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Robert Truitt Maberry Sr.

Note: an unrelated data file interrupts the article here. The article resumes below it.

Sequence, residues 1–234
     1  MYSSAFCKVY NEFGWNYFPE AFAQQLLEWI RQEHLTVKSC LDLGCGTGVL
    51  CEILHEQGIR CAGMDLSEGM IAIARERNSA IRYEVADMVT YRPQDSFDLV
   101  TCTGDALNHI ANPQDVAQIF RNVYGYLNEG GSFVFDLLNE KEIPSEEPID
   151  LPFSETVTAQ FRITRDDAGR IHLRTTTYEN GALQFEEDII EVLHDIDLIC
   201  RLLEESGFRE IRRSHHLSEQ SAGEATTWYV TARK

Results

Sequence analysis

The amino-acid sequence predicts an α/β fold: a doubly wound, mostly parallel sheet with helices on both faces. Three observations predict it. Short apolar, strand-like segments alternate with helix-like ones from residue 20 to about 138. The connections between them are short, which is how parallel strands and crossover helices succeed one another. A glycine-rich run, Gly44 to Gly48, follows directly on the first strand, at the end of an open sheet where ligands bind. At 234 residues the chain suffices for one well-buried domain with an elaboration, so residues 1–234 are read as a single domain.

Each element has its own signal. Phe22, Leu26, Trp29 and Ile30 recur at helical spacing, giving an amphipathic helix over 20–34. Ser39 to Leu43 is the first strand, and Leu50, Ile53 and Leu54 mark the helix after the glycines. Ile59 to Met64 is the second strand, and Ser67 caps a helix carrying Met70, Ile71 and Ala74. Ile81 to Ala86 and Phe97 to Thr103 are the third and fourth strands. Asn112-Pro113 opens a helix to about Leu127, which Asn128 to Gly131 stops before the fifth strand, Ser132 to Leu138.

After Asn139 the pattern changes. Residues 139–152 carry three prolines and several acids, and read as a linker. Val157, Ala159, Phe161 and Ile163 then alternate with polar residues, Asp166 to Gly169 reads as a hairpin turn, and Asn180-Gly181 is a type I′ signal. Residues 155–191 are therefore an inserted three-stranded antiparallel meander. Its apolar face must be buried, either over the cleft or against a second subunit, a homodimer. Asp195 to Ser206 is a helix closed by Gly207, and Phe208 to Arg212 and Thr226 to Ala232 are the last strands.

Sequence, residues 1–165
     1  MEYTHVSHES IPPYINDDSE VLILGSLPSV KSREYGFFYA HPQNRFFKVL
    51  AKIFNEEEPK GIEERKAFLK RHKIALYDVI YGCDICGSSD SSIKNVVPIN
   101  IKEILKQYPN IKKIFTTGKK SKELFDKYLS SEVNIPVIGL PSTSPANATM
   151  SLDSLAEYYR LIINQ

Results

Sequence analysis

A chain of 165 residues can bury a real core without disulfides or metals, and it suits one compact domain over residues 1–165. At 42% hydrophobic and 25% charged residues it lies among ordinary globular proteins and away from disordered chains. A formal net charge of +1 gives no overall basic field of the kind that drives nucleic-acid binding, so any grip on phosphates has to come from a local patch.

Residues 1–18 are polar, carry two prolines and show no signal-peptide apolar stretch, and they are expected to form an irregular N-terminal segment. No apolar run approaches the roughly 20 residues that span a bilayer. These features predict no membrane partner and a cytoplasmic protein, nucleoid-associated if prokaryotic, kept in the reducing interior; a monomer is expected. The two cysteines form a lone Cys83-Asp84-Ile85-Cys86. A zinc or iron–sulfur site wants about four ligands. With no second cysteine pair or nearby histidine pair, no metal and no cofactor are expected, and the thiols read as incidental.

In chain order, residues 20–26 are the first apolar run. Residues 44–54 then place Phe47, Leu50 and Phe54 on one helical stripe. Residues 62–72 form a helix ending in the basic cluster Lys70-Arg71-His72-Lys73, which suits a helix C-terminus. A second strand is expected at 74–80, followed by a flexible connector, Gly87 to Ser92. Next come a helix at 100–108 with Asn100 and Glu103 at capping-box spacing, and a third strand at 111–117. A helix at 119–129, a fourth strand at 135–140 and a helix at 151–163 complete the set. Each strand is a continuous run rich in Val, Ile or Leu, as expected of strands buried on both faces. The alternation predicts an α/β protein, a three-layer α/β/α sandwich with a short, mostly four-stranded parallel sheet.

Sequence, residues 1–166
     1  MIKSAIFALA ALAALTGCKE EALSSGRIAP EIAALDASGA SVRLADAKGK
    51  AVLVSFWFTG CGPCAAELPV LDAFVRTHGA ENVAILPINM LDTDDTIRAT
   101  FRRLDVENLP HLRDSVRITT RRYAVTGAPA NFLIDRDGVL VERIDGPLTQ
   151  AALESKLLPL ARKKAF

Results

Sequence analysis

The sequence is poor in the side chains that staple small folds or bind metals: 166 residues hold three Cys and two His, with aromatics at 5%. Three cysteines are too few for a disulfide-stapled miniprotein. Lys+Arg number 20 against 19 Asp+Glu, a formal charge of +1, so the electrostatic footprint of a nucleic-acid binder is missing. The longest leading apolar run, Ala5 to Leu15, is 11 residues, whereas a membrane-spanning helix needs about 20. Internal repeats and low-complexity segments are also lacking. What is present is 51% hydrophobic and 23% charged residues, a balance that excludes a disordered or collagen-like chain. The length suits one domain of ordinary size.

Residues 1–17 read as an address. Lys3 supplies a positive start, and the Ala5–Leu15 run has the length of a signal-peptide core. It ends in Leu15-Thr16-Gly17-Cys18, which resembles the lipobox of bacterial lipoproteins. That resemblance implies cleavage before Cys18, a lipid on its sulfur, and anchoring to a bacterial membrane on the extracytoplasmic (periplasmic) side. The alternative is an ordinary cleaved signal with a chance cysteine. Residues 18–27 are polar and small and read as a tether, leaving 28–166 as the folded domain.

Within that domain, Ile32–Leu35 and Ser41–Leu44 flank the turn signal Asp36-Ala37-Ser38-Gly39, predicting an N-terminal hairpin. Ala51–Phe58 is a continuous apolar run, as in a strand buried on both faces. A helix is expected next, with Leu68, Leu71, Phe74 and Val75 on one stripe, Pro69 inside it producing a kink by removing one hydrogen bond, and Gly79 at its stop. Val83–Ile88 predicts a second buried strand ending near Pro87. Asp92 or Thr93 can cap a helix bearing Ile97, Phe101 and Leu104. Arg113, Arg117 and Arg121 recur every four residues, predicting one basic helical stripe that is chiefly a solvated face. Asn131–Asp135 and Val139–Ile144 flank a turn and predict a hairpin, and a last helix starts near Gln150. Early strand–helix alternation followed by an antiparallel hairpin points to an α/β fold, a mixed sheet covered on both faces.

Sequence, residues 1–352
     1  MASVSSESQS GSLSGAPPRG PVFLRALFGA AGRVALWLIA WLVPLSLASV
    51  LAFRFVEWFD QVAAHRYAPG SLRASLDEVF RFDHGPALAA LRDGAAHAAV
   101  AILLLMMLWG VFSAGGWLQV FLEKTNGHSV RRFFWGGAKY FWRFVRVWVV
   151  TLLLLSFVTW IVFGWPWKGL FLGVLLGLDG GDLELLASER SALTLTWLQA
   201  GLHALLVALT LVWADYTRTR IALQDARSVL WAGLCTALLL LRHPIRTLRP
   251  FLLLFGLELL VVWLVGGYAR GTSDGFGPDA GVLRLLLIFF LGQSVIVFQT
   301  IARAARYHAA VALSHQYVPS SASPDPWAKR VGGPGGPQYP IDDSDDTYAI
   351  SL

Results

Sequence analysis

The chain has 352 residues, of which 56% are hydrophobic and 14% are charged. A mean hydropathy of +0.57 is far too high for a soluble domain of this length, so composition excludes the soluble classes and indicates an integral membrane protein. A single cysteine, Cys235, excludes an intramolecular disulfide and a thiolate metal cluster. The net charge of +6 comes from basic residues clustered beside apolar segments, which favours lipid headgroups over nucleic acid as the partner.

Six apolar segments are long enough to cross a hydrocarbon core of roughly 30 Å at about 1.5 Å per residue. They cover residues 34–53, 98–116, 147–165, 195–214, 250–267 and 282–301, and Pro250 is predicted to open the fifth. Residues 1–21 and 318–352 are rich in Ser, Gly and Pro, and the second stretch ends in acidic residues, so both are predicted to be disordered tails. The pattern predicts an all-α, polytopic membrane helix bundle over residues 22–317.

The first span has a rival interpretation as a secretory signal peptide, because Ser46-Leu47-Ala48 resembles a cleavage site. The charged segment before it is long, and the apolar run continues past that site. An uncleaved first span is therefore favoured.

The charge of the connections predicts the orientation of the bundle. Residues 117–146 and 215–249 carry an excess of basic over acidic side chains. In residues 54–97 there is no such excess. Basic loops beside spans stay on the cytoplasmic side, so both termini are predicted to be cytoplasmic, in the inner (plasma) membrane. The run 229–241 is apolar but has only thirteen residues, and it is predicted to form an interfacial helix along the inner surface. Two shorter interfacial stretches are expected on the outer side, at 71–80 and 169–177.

1924 - 2014 Obituary
Robert Truitt Maberry Sr. Obituary